Publication bias (File Drawer Problem)

Definition: The failure to publish results based on the “direction or strength of the study findings” (Dickersin & Min, 1993, p. 135). The bias arises when the evaluation of a study’s publishability disproportionately hinges on the outcome of the study, often with the inclination that novel and significant results are worth publishing more than replications and null results. This bias typically materializes through a disproportionate number of significant findings and inflated effect sizes. This process leads to the published scientific literature not being representative of the full extent of all research, and specifically underrepresents null finding. Such findings, in turn, land in the so called “file drawer”, where they are never published and have no findable documentation.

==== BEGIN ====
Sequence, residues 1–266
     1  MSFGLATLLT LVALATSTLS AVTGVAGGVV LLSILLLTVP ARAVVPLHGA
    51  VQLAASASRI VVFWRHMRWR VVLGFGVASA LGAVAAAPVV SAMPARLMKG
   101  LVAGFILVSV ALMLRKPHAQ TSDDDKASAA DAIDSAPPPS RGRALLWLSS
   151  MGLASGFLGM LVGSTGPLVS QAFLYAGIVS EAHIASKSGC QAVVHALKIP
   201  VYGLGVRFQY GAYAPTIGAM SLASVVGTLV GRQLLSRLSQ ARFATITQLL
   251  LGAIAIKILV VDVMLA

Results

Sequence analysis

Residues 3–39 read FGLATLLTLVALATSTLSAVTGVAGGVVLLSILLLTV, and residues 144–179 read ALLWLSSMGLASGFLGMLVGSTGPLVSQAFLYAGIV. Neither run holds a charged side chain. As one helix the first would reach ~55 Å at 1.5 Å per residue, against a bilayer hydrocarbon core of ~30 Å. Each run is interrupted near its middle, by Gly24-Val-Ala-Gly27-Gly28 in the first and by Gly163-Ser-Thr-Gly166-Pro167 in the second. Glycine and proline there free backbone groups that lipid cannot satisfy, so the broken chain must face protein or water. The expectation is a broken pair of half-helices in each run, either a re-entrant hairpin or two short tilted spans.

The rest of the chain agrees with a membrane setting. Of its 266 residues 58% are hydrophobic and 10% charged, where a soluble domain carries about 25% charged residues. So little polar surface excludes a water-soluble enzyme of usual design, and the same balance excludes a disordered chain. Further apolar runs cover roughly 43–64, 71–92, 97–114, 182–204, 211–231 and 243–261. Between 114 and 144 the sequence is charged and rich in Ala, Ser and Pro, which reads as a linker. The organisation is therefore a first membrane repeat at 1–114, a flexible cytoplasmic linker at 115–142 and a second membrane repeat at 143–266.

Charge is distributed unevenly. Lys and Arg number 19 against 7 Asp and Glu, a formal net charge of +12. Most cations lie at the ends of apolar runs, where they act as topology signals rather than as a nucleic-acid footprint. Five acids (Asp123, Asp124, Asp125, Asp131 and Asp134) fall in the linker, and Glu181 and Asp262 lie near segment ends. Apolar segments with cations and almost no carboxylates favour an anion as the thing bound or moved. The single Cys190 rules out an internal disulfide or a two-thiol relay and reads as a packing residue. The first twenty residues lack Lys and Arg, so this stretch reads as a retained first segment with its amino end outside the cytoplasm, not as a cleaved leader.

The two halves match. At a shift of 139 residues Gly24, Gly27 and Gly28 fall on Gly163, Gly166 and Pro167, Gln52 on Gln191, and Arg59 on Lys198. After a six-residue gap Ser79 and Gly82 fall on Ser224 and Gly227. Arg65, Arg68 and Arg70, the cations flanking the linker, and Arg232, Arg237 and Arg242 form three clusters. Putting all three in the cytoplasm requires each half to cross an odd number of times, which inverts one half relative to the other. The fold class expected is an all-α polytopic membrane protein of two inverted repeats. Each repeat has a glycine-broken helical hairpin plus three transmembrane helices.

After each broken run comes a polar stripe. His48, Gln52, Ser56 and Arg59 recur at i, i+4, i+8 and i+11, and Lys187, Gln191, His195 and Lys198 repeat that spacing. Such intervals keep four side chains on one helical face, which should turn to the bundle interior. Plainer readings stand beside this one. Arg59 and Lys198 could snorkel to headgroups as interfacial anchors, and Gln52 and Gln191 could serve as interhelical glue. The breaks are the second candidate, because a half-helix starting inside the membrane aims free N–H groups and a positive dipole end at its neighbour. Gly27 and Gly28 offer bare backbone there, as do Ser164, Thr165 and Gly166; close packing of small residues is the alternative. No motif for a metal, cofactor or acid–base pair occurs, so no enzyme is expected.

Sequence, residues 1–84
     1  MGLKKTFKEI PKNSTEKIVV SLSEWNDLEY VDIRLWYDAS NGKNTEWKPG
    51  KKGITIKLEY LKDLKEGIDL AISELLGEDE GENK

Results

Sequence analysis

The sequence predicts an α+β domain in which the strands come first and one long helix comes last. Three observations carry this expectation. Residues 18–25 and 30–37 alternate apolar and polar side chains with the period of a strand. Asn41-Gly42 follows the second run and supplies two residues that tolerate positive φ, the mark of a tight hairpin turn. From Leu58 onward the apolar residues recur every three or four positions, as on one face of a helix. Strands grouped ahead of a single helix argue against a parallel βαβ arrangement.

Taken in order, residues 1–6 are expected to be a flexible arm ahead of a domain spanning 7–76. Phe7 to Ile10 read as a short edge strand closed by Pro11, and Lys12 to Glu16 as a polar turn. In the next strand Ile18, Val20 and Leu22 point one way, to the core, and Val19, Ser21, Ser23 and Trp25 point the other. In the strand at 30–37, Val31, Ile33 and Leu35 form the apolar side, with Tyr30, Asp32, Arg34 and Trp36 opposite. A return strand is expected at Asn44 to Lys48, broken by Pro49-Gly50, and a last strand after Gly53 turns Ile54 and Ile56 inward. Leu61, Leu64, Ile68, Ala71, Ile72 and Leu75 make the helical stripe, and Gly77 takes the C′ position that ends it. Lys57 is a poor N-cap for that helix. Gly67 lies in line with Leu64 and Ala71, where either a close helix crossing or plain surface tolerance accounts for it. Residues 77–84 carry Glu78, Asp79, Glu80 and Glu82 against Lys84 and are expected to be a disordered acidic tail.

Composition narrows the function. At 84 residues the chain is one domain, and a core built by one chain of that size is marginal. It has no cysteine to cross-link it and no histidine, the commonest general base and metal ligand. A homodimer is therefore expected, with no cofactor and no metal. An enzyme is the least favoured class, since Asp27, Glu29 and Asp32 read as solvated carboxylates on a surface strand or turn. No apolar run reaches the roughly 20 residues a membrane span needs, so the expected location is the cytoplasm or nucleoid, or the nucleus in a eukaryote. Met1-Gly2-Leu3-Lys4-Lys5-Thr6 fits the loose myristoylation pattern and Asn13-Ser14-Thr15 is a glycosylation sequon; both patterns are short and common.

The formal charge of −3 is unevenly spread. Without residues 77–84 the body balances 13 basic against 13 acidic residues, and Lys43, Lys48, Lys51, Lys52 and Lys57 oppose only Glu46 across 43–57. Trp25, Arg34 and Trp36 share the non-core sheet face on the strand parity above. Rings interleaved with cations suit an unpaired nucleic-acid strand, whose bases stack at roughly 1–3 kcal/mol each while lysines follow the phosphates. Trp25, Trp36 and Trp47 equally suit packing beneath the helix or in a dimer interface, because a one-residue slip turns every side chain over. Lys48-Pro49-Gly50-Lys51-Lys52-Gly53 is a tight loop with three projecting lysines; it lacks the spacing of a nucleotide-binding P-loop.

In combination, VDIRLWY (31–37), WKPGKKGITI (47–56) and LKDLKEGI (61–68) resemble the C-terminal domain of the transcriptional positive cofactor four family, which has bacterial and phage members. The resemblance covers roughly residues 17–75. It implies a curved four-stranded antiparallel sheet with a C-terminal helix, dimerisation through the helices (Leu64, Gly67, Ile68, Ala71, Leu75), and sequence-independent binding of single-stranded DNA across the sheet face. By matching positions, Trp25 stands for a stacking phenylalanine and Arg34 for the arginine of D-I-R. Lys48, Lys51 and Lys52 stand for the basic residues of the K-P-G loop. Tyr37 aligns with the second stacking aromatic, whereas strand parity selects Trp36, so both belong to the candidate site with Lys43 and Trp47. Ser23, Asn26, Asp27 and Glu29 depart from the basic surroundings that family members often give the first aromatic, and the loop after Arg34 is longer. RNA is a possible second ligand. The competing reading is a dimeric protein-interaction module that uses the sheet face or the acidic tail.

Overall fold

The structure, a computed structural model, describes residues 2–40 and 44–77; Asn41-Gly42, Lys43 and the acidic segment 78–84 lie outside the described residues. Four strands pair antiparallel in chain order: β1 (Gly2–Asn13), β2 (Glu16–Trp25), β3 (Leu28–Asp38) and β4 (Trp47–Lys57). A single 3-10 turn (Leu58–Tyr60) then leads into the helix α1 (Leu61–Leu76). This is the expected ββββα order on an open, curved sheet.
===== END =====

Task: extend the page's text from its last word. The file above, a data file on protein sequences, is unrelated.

Alternative definition: In the context of meta-analysis, publication bias “…occurs whenever the research that appears in the published literature is systematically unrepresentative of the population of completed studies. Simply put, when the research that is readily available differs in its results from the results of all the research that has been done in an area, readers and reviewers of that research are in danger of drawing the wrong conclusion about what that body of research shows.” (Rothstein et al., 2005, p. 1)

Related terms: Dissemination bias, P-curve, P-hacking, Selective reporting, Statistical significance, Trim and fill

Related term to alternative definition: meta-analysis

References: Dickersin and Min (1993), Devito and Goldacre (2019), Duval and Tweedie (2000a, 2000b), Franco et al. (2014), Lindsay (2020), & Rothstein et al. (2005)

Drafted and Reviewed by: Mahmoud Elsherif, Jamie P. Cockcroft, Gilad Feldman, Adrien Fillon, Helena Hartmann, Tamara Kalandadze, William Ngiam, Martin Vasilev, Olmo van den Akker, Flávio Azevedo

Note that we are currently working on an automated mechanism to link references cited above with their full-length version that can be found at with all references used so far.